Estonia aligns itself with the statement by the European Union and would like to add some remarks in its national capacity.
Mr. Special Rapporteur, we appreciate the raising of this important issue of education and language. Estonia is a small country with a population of about 1.3 million people. Among them over 200 different languages are being used as mother tongue according to the data from January 2019. Estonia acknowledges that adequate implementation of the rights of minorities requires both promotion of their integration to the society on equal basis with others as well as the preservation of their language and cultural traditions.
Education has in Estonia always been valued highly and considered both a guarantee of individual success and one of the main drivers of the country’s development. The OECD PISA results suggest that Estonia’s education system is effective and ensures equality – students’ academic performance is independent of their socio-economic background. Consolidated school network enables every child to receive a top-quality education in Estonian on all levels while also preserving their own language and identity.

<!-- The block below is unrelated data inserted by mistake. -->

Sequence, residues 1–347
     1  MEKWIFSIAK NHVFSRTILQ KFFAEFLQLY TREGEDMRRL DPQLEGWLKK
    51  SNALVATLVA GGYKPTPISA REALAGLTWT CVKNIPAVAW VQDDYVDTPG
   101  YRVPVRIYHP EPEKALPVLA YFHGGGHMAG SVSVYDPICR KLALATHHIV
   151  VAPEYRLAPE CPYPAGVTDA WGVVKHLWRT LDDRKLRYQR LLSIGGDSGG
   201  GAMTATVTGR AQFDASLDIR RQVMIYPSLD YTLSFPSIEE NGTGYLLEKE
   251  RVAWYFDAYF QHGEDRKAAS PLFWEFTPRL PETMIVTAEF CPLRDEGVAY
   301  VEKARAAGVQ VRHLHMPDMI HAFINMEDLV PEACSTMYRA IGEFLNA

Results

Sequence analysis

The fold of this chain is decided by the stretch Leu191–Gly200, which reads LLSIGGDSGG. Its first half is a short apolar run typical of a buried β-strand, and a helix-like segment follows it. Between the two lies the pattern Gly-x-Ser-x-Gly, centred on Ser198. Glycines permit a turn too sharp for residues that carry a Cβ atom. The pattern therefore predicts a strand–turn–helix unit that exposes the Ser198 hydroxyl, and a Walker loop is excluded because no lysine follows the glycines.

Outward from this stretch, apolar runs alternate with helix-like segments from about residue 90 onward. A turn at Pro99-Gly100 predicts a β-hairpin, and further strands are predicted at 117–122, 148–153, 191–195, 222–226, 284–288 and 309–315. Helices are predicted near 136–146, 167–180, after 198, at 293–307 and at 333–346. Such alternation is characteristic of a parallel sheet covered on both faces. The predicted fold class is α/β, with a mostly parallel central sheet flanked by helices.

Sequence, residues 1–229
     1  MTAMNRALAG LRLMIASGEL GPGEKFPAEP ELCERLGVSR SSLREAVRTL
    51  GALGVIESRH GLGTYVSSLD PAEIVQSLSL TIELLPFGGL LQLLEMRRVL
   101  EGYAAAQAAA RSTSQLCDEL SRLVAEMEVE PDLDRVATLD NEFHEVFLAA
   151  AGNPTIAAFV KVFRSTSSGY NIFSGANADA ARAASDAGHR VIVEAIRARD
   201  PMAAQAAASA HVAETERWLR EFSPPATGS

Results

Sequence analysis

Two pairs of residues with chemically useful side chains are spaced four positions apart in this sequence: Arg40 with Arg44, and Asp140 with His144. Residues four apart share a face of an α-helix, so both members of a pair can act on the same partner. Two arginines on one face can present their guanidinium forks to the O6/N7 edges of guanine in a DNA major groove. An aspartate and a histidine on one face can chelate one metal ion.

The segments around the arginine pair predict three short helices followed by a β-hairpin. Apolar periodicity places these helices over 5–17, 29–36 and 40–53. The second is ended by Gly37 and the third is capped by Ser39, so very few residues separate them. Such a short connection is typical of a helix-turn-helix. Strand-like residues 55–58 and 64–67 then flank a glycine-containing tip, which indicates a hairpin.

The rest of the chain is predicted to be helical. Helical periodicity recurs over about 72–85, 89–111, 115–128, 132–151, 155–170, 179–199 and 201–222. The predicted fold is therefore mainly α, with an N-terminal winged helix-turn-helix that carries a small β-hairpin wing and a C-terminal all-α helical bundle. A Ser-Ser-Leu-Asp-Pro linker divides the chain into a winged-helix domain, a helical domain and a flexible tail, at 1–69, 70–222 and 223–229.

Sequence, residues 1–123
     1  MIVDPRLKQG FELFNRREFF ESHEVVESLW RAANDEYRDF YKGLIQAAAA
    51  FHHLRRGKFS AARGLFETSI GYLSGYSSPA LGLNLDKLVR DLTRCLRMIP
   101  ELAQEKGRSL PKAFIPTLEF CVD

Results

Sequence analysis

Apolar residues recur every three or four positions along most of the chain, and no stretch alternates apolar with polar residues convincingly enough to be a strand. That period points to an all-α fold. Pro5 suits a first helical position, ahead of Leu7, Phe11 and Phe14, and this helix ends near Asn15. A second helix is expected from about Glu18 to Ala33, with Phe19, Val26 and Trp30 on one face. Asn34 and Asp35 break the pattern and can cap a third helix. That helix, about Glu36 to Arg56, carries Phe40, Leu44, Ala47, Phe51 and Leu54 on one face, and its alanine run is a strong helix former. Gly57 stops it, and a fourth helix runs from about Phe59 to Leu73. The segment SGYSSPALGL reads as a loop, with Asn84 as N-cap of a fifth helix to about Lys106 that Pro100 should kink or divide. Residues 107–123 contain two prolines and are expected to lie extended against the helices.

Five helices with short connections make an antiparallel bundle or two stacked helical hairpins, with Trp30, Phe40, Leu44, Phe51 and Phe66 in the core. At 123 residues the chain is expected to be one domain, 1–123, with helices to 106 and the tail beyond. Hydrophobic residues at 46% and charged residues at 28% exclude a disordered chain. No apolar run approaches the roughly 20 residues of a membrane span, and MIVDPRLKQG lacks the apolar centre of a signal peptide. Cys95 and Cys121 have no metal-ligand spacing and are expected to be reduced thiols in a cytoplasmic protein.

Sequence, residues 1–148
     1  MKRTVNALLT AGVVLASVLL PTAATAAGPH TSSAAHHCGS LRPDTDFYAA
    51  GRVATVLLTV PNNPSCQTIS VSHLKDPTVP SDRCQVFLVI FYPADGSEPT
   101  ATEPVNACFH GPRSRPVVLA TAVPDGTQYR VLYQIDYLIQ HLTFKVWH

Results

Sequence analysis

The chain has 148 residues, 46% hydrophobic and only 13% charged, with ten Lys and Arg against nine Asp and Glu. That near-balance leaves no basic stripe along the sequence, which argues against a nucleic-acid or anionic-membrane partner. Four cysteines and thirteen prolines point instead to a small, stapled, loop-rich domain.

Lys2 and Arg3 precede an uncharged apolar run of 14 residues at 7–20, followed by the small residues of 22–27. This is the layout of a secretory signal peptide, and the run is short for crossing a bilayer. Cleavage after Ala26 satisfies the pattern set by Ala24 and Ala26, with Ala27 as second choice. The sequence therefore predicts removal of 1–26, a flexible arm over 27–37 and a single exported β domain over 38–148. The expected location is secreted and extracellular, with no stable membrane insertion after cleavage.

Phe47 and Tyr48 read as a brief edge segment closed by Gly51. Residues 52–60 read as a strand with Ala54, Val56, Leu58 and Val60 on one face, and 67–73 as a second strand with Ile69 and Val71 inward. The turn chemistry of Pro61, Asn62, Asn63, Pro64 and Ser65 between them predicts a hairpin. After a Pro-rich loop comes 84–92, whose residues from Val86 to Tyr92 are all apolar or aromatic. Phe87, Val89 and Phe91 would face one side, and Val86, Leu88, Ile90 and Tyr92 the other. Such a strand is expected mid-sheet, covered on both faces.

At the same time, the Estonian education system enables children to acquire basic education in other languages besides Estonian or go through language immersion programmes, if the local municipality or school keeper decides so. Regardless of the language of instruction, high-quality education is equally accessible to all, and obtaining education does not depend on the parents’ economic or social standing or education. The State offers also the opportunity to study in Sunday schools of ethnic minorities and covers their daily operational costs.
Mr. Varennes, as your report shows, there are already many instruments regulating this topic that have not been implemented. With this in mind, we would like to seek your views on the added value of the possible new instrument that you recommend in your report.